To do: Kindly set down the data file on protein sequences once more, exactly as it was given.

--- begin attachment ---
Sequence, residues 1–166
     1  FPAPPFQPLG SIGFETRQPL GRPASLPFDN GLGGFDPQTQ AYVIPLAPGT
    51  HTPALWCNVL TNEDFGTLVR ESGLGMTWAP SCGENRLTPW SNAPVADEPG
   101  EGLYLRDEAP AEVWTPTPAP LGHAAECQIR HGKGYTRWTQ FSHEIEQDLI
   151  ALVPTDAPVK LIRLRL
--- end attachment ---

Sequence, residues 1–166
     1  FPAPPFQPLG SIGFETRQPL GRPASLPFDN GLGGFDPQTQ AYVIPLAPGT
    51  HTPALWCNVL TNEDFGTLVR ESGLGMTWAP SCGENRLTPW SNAPVADEPG
   101  EGLYLRDEAP AEVWTPTPAP LGHAAECQIR HGKGYTRWTQ FSHEIEQDLI
   151  ALVPTDAPVK LIRLRL